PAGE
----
(2) the word does not imply that the sin and unbelief for which they were shut up were not voluntary. Even when a man is committed to prison, the crime which brought him there is voluntary, and for it he is responsible.
(3) the keeper of a prison does no wrong in confining a criminal; or the judge in condemning him; or the executioner in fulfilling the sentence of the Law. So of God. What he does is not to compel people to remain under unbelief, but to declare that they are so; so to encompass them with the proof of it that they shall realize that there is no escape from the evidence of it, and thus to press on them the evidence of their need of a Saviour. This he does in relation to all sinners who ever become converted.
(4) yet God permitted this; suffered Jews and Gentiles to fall into unbelief, and to be concluded under it, because he had a special purpose to answer in leaving man to the power of sin and unbelief. One of those purposes was, doubtless, to manifest the power of his grace and mercy in the plan of redemption.
(5) in all this, and in all other sin man is voluntary. He chooses his course of evil; and God is under no obligation to compel him to do otherwise. Being under unbelief, God declares the fact, and avails himself of it, in the plan of salvation by grace.
Them all - Both Jews and Gentiles.
In unbelief - εἰς eis“Unto unbelief.” He has delivered them over unto unbelief, as a man is delivered over into prison. This is the literal meaning of the expression.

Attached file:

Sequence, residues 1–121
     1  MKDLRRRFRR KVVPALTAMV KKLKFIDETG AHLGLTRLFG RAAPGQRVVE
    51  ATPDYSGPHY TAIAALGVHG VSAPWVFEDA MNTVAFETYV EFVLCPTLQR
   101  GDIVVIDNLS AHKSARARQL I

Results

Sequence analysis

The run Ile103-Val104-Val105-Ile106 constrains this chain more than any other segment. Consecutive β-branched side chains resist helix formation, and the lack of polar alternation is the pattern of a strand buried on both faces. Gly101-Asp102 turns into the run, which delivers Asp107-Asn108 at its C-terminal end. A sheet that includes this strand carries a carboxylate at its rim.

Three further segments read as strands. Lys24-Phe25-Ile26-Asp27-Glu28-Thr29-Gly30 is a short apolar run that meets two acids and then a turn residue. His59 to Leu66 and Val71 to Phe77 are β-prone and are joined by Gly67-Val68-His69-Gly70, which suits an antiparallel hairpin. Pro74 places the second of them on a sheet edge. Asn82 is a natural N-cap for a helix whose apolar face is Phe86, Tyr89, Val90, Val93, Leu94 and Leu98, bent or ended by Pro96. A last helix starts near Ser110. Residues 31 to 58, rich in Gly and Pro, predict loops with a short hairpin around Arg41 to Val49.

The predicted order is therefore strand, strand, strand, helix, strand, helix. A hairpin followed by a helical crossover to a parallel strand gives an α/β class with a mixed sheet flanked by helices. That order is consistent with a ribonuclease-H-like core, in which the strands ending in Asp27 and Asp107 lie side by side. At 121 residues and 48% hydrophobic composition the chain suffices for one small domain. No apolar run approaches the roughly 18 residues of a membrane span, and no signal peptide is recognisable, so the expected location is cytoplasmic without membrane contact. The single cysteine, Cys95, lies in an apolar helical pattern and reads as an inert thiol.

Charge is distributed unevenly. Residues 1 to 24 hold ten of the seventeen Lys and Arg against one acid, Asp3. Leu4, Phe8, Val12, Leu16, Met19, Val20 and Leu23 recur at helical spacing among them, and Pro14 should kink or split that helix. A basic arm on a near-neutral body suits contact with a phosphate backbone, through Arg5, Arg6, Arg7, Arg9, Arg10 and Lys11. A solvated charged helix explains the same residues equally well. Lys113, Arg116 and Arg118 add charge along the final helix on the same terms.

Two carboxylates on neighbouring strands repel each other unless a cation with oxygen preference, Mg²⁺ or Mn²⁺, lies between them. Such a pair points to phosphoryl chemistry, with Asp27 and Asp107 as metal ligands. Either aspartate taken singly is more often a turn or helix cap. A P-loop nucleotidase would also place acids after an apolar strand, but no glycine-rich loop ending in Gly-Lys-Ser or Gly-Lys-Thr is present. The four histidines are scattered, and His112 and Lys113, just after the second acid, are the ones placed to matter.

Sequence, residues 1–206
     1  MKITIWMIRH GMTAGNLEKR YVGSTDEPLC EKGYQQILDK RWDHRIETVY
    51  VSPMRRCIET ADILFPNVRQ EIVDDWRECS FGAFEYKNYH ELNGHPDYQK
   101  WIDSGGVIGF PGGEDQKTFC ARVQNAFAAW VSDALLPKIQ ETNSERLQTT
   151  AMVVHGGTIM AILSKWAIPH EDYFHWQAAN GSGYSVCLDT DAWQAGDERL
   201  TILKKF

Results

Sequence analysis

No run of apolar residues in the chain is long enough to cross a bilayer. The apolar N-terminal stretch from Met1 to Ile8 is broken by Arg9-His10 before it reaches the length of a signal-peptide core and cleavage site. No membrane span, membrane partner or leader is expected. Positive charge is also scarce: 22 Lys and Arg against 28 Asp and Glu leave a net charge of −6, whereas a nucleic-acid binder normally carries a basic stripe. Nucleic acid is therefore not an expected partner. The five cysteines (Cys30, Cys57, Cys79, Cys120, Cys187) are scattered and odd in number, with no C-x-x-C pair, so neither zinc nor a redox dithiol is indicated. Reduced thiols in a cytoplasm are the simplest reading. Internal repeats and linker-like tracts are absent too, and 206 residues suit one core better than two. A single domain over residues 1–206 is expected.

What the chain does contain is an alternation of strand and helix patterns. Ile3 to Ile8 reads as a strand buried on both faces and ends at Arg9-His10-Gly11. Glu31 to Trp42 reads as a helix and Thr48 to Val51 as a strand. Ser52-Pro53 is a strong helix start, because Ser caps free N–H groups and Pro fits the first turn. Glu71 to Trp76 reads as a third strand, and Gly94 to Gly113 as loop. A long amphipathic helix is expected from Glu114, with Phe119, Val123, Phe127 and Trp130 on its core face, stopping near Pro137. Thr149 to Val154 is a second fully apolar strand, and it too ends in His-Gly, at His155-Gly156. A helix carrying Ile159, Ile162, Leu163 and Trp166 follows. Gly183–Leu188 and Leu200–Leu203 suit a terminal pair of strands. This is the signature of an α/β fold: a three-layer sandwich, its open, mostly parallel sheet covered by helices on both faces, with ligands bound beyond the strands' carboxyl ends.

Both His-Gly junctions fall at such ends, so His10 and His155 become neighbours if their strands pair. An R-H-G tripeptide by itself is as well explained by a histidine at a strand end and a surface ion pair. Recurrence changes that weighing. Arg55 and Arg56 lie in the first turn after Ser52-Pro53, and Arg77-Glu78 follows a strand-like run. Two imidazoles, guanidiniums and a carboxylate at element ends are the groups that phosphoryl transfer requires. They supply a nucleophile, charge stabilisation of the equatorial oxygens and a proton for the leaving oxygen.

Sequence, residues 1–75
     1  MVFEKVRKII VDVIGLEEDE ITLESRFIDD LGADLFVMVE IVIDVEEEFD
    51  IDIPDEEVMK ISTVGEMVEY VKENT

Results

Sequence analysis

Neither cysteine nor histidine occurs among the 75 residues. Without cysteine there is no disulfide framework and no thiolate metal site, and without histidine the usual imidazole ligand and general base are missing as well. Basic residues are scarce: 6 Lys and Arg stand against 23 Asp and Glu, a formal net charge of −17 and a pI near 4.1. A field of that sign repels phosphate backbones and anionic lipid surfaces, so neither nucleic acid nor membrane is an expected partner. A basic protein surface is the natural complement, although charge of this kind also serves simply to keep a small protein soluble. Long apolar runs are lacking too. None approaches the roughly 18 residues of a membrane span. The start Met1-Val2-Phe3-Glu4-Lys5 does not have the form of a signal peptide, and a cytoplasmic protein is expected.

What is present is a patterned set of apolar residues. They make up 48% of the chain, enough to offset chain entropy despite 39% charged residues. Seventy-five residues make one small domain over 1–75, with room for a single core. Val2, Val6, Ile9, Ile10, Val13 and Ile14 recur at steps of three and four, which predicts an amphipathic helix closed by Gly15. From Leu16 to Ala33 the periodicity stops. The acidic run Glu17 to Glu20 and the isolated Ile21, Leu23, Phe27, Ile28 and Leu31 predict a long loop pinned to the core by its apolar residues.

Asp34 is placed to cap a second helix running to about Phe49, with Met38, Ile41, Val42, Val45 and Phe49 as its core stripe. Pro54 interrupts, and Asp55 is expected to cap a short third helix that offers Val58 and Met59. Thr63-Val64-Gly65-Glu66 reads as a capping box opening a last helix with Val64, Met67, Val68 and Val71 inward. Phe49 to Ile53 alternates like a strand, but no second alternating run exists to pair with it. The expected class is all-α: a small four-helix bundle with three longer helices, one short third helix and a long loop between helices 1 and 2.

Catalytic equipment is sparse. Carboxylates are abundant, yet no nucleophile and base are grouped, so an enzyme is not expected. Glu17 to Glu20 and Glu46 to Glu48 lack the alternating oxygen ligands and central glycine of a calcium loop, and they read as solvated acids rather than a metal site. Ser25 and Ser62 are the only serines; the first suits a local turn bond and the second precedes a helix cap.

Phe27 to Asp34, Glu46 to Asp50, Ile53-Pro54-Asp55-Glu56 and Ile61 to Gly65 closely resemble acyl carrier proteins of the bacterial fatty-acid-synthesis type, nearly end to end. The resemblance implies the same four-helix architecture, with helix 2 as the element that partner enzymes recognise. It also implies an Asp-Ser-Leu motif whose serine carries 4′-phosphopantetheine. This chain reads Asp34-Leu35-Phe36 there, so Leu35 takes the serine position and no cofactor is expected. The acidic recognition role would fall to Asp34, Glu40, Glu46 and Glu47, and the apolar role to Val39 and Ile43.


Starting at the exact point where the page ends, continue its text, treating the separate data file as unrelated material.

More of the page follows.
That he might have mercy upon all - Mercy is favor shown to the undeserving. It could not have been shown to the Jews and the Gentiles unless it was before proved that they were guilty. For this purpose proof was furnished that they were all in unbelief. It was clear, therefore, that if favor was shown to either, it must be on the same ground, that of mere undeserved mercy. Thus, all people were on a level; and thus all might be admitted to heaven without any invidious distinctions, or any dealings that were not in accordance with mercy and love. “The emphasis in this verse is on the word “mercy.” It signifies that God is under obligation to no one, and therefore that all are saved by grace, because all are equally ruined.” (Calvin.) It does not prove that all people will be saved; but that those who are saved shall be alike saved by the mercy of God; and that He intends to confer salvation on Jews and Gentiles on the same terms. This is properly the close of the argument of this Epistle. By several independent trains of reasoning, the apostle had come to the same conclusion, that the Jews had no special privileges in regard to religion, that all people were on a level, and that there was no hope of salvation for any but in the mercy of a sovereign God. This conclusion, and the wonderful train of events which had led to this state of things, give rise to the exclamations and ascriptions of praise with which the chapter closes.